TIME: 2016/09/17 02:52
COMMENT: Beach House – ANCHORED – Suwarrow Atoll, Cook Islands
Sorry if you received this twice. It was prematurely sent!
Our last day at sea was a doozy! Despite weather guru, Bob McDavit saying \”Travel from Tahiti to Tonga: Voyage along about 20S is likely to encounter the passing SPCZ around local wed to Friday 14 to 16 Sep, and that may be squally. It is looking OK to venture via Suwarrow this week.\” (from French Polynesia) – he missed it. The squalls we saw on the weather files were actually the front that was moving through the central Cook Islands. It either moved north or was more intense than originally thought. Beware the \”Guru\”…. Actually, Bob gave me great advice when I left NZ in 2012 for Fiji and he is a great weather man. He always adds a disclaimer about weather being a mix of pattern and chaos. Indeed, it is.
When I awoke at 3:45 a.m. for my watch, we had 2 reefs and the genoa poled out to port. The winds were persistently shifting to the East from the Southeast, so we decided to roll up the genoa and tack instead of gybe so I could take in the third reef in the main during the tack. I NEVER put in 3 reefs. In 12 years, I\’d done it one other time. Why now? I can\’t tell you other than \”experience\”. I felt the conditions were going to build and build they did. After Nikki had gone below for her off watch, it started to really blow. First 25 knots went to 33 knots and then I had to look twice! 45-46 knots! With three reefs and a scrap of staysail, the wonderful Miss P, aka: Beach House was a star. We quickly accelerated to 10, then 12 then 18 knots! This, with about the sail area of large kite board sail. The tops of the waves were simply blown off. After 10 minutes, the winds backed off to 35 knots and then again, built back to 45 knots. 10 minutes later, the wind was down to the high 30\’s and then one last blast hitting 41 knots. The weather files were saying this entire system was going to blow out by 12 noon, but that was 6 hours away. Lets just say, it was \”intimidating\”. Seas had built to 3.5 meters (about 12 feet) and we even saw a few outlier\’s at 4-5 meters (14-17 feet). My height of eye is 12 feet off the water when standing in the cockpit. When I\’m looking UP at waves, they are big! In these conditions, \”Beach House\” just picks up her skirts and flies out in front of the breaking foam. She\’s always done it, I love this boat.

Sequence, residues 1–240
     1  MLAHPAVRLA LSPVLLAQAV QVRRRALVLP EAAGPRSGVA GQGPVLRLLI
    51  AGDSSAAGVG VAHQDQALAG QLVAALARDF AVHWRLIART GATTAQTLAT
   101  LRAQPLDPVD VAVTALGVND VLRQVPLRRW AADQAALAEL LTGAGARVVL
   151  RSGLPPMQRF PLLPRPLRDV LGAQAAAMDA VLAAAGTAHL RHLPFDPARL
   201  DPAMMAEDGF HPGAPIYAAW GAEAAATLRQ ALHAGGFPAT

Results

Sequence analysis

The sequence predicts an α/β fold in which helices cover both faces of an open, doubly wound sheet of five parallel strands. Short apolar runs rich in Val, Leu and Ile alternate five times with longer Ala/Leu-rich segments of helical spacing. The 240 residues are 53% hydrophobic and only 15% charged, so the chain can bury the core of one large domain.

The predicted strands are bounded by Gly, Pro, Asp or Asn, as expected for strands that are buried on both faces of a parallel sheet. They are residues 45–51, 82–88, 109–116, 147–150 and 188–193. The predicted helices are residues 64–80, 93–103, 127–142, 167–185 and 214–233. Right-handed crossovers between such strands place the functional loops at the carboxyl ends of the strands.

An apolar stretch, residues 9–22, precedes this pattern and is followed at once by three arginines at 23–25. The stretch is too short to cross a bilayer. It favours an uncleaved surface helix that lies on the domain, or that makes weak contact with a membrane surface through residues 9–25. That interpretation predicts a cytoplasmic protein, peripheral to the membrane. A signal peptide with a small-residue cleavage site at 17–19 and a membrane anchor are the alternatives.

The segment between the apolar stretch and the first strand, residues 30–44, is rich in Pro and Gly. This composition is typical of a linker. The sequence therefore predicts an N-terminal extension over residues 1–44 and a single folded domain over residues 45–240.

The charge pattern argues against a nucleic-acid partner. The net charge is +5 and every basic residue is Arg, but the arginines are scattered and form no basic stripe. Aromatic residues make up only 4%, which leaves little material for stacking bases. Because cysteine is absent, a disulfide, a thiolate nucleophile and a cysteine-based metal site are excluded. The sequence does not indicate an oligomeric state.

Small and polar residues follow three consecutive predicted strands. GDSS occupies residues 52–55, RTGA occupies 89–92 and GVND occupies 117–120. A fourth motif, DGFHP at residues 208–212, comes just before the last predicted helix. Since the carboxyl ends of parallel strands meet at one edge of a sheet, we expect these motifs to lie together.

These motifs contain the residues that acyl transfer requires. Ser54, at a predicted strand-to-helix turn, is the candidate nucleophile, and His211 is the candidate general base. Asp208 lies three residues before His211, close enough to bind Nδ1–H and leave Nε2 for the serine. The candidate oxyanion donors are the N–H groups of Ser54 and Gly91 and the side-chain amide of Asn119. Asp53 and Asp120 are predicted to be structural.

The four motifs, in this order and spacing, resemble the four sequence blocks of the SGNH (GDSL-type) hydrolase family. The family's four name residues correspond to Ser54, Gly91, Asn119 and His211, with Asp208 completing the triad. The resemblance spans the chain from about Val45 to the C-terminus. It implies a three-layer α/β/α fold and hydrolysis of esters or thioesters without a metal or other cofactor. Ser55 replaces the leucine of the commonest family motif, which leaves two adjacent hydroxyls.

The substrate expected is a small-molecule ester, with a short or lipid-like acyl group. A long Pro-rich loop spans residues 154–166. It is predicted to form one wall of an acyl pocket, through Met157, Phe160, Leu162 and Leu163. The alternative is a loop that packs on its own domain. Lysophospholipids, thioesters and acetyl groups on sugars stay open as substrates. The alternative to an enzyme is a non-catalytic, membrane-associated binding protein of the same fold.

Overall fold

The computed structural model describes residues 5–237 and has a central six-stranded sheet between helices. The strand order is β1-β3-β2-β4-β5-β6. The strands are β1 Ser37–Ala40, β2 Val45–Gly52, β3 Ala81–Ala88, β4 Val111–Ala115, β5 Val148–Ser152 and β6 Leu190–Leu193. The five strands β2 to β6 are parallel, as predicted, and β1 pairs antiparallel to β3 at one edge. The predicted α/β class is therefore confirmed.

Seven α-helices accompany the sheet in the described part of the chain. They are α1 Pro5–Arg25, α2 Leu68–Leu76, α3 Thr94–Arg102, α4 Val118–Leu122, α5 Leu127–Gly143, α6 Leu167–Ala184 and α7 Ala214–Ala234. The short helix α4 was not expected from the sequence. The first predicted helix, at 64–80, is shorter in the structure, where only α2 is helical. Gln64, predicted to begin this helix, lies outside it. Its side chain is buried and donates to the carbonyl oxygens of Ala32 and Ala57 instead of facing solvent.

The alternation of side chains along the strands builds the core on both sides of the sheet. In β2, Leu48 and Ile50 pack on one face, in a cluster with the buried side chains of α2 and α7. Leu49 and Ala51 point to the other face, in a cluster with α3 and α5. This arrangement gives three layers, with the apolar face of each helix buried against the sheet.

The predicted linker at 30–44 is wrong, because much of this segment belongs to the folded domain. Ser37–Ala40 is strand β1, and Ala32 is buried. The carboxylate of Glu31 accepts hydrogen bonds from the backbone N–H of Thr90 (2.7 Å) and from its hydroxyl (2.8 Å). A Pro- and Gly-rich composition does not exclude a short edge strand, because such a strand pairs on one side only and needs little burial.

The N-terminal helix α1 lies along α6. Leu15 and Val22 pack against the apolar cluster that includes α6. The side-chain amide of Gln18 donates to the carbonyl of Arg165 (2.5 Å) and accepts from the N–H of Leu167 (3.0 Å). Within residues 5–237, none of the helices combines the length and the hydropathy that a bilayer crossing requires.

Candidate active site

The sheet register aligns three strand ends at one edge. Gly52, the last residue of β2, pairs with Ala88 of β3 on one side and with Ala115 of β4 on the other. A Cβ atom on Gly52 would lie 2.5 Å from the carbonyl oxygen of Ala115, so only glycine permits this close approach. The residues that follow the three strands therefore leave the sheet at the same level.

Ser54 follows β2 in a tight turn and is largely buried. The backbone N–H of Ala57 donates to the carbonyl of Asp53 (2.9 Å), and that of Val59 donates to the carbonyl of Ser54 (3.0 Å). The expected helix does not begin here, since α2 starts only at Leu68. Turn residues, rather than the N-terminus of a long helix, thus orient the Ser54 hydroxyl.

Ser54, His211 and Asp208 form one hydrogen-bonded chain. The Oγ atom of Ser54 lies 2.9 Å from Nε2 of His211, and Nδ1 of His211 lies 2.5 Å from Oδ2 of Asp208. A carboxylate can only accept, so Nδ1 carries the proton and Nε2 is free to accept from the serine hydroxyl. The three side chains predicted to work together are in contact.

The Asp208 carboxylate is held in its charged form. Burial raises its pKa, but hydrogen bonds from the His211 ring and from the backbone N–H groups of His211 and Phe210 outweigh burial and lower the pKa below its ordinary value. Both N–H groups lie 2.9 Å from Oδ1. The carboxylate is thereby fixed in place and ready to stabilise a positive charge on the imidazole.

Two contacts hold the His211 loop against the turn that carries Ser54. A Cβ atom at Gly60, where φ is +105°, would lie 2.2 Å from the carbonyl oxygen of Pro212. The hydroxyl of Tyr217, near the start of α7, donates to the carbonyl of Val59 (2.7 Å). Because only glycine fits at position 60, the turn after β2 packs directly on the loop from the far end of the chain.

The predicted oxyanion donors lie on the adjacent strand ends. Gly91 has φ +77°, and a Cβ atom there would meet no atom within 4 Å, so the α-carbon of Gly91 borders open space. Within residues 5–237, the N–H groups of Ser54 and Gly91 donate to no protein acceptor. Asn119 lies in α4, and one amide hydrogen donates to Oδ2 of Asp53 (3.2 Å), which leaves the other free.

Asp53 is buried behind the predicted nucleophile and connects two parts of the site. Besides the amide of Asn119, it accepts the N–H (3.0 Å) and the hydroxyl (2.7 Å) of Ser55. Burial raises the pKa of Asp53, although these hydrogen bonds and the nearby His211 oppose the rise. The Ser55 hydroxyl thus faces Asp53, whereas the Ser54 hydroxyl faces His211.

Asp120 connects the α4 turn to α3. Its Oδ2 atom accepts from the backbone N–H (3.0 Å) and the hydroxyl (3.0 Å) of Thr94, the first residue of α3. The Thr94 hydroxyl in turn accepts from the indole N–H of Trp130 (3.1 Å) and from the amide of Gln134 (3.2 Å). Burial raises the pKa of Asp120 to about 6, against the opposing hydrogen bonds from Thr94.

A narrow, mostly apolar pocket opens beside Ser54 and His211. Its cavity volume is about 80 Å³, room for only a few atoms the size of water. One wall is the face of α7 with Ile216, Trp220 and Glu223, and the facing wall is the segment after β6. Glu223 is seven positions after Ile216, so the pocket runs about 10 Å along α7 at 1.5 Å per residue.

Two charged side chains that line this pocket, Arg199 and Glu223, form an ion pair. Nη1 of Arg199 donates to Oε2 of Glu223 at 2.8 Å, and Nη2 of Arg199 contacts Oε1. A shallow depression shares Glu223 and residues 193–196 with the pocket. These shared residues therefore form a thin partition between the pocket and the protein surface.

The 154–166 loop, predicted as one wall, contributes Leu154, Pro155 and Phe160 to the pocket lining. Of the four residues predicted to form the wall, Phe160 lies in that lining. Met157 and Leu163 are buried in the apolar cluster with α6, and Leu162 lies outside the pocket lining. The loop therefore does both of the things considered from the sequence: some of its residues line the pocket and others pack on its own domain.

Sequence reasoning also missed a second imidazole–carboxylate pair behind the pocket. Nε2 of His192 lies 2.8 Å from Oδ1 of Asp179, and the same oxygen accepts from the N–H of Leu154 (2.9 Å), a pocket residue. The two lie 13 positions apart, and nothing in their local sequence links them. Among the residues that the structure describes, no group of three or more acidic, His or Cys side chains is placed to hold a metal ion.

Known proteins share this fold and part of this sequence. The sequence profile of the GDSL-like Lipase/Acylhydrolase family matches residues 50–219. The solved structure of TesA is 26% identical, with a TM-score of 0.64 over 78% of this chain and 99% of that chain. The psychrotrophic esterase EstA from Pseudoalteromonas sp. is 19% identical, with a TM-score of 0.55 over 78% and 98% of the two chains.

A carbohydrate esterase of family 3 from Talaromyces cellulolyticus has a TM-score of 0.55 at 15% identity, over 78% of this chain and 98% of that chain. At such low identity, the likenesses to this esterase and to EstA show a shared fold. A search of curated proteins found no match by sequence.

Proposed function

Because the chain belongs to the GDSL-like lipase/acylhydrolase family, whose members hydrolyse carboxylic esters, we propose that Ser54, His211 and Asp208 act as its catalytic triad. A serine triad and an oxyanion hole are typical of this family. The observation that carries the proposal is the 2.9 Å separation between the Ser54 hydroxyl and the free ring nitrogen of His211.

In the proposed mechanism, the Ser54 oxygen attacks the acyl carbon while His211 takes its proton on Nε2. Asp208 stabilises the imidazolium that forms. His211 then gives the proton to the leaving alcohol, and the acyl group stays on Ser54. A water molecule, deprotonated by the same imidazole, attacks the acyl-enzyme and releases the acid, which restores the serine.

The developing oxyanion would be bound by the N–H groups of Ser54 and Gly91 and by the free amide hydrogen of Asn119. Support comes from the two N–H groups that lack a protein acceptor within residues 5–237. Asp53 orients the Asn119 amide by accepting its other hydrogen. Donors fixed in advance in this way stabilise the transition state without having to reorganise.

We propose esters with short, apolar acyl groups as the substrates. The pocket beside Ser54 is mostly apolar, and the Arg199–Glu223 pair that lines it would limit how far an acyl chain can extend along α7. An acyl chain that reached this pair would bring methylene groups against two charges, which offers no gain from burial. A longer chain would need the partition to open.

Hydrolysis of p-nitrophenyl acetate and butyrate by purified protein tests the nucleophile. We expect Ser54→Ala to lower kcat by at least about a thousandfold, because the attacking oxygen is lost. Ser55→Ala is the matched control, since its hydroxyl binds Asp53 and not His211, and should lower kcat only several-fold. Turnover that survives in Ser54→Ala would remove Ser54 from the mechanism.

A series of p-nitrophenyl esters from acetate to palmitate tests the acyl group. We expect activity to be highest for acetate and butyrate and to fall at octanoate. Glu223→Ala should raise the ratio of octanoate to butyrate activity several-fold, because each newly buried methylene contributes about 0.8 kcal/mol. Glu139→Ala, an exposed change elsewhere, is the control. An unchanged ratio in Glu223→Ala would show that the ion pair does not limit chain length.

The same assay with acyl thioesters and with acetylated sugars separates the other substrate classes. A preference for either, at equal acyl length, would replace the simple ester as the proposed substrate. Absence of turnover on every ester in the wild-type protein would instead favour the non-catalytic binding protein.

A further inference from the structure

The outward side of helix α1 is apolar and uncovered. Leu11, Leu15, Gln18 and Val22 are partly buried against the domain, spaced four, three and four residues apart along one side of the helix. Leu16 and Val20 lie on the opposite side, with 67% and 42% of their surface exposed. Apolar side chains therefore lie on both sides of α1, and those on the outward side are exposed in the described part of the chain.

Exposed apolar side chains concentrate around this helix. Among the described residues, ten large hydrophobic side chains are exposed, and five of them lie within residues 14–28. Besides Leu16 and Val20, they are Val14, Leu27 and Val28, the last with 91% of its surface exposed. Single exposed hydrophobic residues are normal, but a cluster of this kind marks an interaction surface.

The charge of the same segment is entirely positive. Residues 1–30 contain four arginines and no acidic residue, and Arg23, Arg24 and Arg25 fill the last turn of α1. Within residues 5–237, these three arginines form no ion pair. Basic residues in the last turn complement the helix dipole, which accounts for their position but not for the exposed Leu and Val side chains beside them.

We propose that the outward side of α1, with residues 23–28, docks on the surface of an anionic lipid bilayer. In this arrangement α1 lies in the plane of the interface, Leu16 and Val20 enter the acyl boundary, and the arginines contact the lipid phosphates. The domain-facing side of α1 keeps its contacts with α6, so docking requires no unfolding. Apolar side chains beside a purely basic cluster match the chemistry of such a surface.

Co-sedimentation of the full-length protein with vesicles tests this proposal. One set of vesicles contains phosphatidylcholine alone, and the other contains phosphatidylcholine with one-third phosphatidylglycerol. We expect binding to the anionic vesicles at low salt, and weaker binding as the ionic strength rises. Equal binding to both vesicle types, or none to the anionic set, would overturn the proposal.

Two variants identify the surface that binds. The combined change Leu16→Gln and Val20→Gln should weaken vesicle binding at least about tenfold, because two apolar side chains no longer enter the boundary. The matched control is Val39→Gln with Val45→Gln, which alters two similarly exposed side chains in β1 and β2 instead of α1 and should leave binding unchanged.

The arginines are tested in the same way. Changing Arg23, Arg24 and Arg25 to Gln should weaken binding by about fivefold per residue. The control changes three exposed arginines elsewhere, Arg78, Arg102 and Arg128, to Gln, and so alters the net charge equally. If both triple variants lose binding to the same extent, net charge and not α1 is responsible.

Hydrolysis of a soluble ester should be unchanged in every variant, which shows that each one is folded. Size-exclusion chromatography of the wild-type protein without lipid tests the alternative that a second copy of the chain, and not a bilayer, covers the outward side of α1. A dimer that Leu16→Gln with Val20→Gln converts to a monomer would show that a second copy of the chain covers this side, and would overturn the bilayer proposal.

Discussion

Except for the speed, you couldn\’t have guessed the weather conditions outside, such is the nature of well designed cruising cats. We certainly could hear the sea rushing by and the speeds were impressive, but the boat (and very fortunately, our rebuilt hydraulic steering rams), performed just as all should be. We actually had winds in the 30+ knot range for over three hours. The boat just zinged along. I\’ll write up more details on this in the main blog when we get internet, but for now, you get the picture. My rule of thumb was to follow the advice of weather expert, Lee Chesneau (retired from NOAA)….\”Always avoid the 34 knot wind field\”. Once this is the story, you are technically in \”storm\” conditions. This was actually the longest and highest wind speeds I\’ve experienced in the last 50,000 plus miles! That includes into and out of New Zealand! I will work hard at avoiding this in the future! Every time I do my own weather, I never get into trouble. When I listen and want to \”believe\” in other sources, is when the mistakes get made.
For now, lovely spot here in Suwarrow. We completed the trip in 4 days, 6 hours. One boat here took 8 days for the same trip. So as you can see, \”Beach House\” goes fast…:-) The boats here told us they had the same wind experiences as we did, but they were anchored behind this lovely island!
This is the only national park in the Cook Islands and has almost all invasive species removed including all rats! The bird life here is astonishing and the black tip reef sharks are everywhere in the anchorage. They\’re no issue and pretty cool to just watch. If you jump in the water, they scatter faster than you can imagine. We\’ll do a mini blog on this before we leave, but for now, if interested, look at the book, \”An Island to Oneself\”, by Tom Neale. He lived a nomadic life here on and off from the 1950\’s to the mid 1970\’s.
4 other boats here, the Rangers took everyone to a spot called \”Perfect Reef\” for a snorkeling trip inside the lagoon. Nikki and I were still in trip recovery mode, but hopefully we\’ll get to do that in a few days. They also have a Manta Ray \”cleaning station\” right near the anchorage which we can snorkel at. If we get to go, we\’ll give a full report.
We expect to be here about 4 days. There is currently NO win – wouldn\’t ya\’ know!…:-)
Scott and Nikki